A dose of MDMA transformed a notorious white supremacist

A dose of MDMA transformed a notorious white supremacist

Rachel Nuwer writes for the BBC: "In February 2020, Harriet de Wit, a professor of psychiatry at the University of Chicago, was running an experiment on whether the drug MDMA increased the pleasantness of social touch when Mike Bremmer, de Wit's research assistant, appeared at her office door. The latest participant in the double-blind trial, a man named Brendan, had filled out a questionnaire and written: "This experience has helped me sort out a debilitating personal issue. Google my name. I now know what I need to do." They googled Brendan's name, and up popped a disturbing revelation: until just a few months before, Brendan had been the leader of the US Midwest faction of Identity Evropa, a notorious white nationalist group also known as the American Identity Movement."

This fighter pilot turned MIT computer science professor believed the universe is a computer

HNF Blog | Tag Archive | Edward Fredkin

Alex Williams writes for the New York Times: "Edward Fredkin, who despite never having graduated from college became an influential professor of computer science at the Massachusetts Institute of Technology, a pioneer in artificial intelligence and a maverick theorist who championed the idea that the entire universe might function like one big computer, died on June 13 in Brookline, Mass. He was 88. After serving as a fighter pilot in the Air Force in the early 1950s, Professor Fredkin became a renowned, if unconventional, scientific thinker. He was a close friend and intellectual sparring partner of the celebrated physicist Richard Feynman and the computer scientist Marvin Minsky, a trailblazer in artificial intelligence. An autodidact who left college after a year, he nonetheless became a full professor of computer science at M.I.T. at 34." (Bonus link: Here's an interview with Fredkin from The Atlantic in 1988).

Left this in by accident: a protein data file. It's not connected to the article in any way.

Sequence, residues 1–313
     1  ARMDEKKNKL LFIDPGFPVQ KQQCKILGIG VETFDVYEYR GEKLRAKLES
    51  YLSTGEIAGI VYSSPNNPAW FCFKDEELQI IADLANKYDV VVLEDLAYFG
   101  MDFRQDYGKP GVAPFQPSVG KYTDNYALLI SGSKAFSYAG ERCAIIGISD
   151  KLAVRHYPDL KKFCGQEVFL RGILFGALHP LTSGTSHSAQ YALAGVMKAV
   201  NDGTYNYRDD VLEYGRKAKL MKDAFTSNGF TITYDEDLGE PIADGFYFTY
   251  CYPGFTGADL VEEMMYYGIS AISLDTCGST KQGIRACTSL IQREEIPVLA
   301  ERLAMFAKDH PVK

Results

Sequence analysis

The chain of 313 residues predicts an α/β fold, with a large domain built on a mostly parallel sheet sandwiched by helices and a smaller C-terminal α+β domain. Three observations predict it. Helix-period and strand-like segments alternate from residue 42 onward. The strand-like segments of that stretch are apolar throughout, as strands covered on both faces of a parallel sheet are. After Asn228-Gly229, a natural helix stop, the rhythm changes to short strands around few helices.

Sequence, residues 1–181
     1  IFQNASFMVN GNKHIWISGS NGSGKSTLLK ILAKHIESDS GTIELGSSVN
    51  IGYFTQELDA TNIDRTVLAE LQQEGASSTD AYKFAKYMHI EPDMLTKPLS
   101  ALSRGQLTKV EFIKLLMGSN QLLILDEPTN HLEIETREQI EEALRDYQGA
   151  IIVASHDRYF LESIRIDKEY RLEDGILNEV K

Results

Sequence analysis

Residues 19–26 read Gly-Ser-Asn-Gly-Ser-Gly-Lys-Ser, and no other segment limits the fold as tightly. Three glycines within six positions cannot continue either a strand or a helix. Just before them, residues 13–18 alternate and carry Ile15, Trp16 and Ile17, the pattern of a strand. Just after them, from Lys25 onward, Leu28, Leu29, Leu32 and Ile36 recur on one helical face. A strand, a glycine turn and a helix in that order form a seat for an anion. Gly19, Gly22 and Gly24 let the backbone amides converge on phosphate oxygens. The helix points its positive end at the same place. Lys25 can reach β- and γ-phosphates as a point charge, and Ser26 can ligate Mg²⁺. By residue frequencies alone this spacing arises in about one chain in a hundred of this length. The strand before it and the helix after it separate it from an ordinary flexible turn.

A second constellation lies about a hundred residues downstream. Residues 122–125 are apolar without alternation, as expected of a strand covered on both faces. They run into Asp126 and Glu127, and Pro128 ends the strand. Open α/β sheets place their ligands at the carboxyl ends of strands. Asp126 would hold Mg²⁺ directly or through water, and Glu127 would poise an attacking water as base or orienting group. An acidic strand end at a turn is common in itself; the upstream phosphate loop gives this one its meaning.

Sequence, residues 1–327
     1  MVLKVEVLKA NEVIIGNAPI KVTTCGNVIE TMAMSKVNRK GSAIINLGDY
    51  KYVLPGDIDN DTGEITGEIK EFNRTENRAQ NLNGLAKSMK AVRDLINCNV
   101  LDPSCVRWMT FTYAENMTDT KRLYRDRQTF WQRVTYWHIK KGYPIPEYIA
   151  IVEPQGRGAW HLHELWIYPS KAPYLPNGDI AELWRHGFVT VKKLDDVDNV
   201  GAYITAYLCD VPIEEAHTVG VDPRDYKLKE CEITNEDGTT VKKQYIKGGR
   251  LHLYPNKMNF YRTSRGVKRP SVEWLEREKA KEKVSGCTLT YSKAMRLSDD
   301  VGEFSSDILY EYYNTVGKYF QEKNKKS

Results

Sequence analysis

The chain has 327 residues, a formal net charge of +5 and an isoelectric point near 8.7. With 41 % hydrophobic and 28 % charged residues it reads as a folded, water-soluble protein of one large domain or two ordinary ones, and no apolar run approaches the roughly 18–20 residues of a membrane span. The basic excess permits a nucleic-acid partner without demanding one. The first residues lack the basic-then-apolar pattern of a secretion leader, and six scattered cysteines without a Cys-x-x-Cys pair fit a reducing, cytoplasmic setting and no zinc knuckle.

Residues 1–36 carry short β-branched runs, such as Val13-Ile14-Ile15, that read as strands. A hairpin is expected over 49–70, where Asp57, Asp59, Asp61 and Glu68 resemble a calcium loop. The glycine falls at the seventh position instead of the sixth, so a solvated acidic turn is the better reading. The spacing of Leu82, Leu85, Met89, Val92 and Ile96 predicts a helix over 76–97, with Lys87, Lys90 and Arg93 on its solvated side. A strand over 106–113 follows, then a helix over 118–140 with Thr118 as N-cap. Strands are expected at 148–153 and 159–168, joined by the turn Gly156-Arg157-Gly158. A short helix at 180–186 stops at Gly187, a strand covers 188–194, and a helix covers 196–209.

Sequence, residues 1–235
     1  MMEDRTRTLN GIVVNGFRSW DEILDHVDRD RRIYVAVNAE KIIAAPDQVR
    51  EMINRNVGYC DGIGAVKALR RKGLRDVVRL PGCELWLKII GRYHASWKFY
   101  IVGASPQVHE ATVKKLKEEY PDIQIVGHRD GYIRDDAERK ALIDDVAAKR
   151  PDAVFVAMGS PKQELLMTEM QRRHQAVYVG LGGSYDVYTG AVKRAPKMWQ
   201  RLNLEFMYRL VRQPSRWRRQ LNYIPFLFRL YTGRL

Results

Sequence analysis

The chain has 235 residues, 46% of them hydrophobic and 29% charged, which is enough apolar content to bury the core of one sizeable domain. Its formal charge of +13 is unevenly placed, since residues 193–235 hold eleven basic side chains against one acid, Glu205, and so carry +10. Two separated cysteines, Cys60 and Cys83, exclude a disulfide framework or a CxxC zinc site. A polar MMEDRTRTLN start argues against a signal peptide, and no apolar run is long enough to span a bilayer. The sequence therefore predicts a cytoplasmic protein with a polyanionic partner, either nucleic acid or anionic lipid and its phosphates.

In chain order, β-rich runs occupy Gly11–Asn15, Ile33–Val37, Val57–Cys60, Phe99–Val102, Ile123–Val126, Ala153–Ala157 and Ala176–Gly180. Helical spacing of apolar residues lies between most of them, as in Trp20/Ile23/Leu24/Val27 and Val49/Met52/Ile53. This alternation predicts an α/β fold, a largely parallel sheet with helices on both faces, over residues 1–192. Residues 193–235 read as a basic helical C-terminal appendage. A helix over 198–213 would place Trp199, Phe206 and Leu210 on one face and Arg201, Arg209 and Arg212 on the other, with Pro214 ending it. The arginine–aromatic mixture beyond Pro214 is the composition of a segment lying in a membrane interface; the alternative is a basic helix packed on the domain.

How a prison gang inspired by Hollywood heists stole $23 million

relates to How a Prison Gang Inspired by Hollywood Heists Stole $23 Million

Jesse Hyde writes for Bloomberg: "Anselmo Cruz adjusted his bulletproof vest. It was just before midnight on Nov. 30, 2020, and the first call for reinforcements had gone out 10 minutes ago. A tractor-trailer was on fire in front of the military police barracks in the Brazilian city of Criciúma, 130 miles south of Cruz’s home base in Florianópolis. Now his iPhone lit up with a video. A second truck was on fire, this one blocking a tunnel between the two cities. But the burning trucks were just a distraction, intended to slow police from entering Criciúma’s old downtown area. The Bank of Brazil branch, a towering hunk of Brutalist concrete, was under attack. Cruz’s phone lit up again with videos and pictures of men in black carrying semiautomatic weapons. Hostages, stripped of their shirts, had been forced to sit at a crosswalk to, presumably, act as a human shield around the property."